The outgoing UK High Commissioner to Ghana, Jon Benjamin has indicated that despite the few confrontations he had with some appointees of the Mahama administration, he generally had a great working relationship with the past government.
He also clarified that under no circumstance did he have a bad relationship with ex-President John Mahama.
“I didn’t have a bad relationship with the last government. In fact, I had a very good relationship with President Mahama…I enjoyed working with President Mahama and the relations with this government is also very good,” he told the host of The Lounge, Kwaku Sakyi-Addo, Friday.
According to him, diplomats are expected to work cordially with whichever government is power and he has so far enjoyed working with both the Mahama and Akufo-Addo governments saying, “I’ve enjoyed working with both governments and I’ve had excellent relations with Ministers across the board.”
Mr. Benjamin explained that “Britain is a democracy, Ghana is a democracy and both countries have to work with whichever government is elected in the other country. There is never a complete agreement on anything but what is important is honesty and a good relationship so you can deal with difficult issues when they come up.”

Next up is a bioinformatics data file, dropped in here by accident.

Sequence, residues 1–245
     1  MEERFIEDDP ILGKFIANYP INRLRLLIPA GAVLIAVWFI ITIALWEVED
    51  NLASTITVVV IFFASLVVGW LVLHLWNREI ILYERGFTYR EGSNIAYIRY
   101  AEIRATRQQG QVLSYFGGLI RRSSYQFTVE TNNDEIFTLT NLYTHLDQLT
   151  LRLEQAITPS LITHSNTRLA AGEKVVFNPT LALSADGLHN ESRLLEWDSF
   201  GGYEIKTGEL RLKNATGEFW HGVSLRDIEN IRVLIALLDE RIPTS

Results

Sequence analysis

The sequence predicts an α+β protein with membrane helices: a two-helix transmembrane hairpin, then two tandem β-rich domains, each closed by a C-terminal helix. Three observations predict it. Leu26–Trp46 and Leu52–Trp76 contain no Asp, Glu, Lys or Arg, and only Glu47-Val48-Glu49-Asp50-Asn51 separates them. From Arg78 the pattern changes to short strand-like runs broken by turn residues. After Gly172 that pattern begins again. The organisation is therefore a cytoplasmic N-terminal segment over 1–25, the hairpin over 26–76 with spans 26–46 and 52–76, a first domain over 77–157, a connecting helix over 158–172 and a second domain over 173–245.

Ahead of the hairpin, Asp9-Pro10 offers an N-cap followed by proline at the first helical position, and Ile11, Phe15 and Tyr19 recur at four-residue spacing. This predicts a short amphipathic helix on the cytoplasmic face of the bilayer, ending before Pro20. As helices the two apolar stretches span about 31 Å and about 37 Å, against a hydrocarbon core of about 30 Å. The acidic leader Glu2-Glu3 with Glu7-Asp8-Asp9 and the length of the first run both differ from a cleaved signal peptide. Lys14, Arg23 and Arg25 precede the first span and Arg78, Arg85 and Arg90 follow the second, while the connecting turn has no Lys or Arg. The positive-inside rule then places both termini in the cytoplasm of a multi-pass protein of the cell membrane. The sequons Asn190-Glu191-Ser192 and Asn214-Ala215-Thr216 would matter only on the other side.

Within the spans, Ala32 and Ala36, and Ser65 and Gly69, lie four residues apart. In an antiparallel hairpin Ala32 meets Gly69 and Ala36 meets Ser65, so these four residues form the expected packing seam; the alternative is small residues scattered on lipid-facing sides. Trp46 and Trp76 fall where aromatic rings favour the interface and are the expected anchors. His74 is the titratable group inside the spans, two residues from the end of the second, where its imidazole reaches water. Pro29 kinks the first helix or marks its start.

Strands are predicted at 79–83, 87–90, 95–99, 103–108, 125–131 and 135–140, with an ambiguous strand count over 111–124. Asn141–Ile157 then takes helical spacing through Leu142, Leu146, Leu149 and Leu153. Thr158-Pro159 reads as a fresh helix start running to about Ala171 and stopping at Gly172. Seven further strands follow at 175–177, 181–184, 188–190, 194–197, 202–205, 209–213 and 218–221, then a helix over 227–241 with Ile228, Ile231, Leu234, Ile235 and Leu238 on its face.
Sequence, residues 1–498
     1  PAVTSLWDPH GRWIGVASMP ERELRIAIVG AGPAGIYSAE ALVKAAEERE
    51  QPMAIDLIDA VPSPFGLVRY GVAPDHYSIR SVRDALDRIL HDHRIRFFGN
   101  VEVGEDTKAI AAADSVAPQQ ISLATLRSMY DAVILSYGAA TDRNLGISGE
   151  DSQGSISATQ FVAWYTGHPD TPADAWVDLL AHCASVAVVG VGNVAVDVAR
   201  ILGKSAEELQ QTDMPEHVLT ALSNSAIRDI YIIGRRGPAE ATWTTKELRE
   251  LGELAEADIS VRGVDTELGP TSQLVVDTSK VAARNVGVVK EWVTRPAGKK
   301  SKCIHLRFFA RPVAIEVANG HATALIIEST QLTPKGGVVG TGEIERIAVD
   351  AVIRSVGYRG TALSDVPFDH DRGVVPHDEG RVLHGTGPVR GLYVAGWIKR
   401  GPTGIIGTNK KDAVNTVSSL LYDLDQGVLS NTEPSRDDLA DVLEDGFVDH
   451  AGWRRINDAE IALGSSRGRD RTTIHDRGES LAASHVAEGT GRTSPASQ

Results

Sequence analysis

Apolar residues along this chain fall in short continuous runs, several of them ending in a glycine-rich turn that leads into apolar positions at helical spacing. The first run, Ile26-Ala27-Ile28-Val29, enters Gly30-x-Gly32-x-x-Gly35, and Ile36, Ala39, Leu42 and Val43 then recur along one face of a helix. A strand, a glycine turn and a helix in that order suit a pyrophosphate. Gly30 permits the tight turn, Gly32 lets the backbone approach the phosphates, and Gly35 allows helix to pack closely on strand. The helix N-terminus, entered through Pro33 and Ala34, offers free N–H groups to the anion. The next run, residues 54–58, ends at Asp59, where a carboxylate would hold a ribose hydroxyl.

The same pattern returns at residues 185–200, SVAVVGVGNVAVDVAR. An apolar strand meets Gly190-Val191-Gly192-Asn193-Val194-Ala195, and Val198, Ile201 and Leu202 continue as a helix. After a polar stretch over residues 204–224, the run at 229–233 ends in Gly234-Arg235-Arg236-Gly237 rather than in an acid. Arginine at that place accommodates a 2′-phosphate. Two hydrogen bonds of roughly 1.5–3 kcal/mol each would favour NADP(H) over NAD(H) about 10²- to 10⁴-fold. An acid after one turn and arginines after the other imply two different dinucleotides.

On the issue of corruption, the outspoken diplomat said the practice which is “deeply ingrained” in Ghana is causing immense damage to the country’s future.
“I’m a big fan of Ghana…but I don’t like corruption; I’ve made no secret of that but not because of some kind of moral crusade but it’s because corruption does immense damage to where Ghana could be and should be because it’s a diversion of resources meant for the good of the entire populace than going to enriching certain individuals,” he said.
He opined that corruption which is of great concern “has gotten worse in Ghana and that is my honest opinion.”
Mr. Benjamin however clarified that the practice is not specific to one government saying, “It’s not about one government and one period but the tendency over a long period is concerning. No body of any great stature in Ghana has gone to prison for corruption for a significant period which spans several different governments. The less people get punished, the more the temptation grows because there is a feeling of relative impunity.”